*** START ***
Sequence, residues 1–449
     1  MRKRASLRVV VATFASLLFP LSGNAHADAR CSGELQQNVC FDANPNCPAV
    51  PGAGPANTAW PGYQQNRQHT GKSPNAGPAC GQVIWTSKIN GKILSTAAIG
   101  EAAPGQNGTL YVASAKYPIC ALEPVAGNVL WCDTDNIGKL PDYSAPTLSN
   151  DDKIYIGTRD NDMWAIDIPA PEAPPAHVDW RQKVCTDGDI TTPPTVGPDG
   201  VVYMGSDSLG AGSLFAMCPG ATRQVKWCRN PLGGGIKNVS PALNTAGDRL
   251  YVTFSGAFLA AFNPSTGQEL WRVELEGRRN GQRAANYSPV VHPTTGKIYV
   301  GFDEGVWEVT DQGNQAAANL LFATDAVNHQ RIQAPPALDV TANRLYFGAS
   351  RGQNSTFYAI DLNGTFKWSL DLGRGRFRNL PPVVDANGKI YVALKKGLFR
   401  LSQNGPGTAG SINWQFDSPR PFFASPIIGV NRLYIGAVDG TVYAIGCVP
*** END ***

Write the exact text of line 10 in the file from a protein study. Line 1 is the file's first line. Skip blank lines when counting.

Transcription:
   401  LSQNGPGTAG SINWQFDSPR PFFASPIIGV NRLYIGAVDG TVYAIGCVP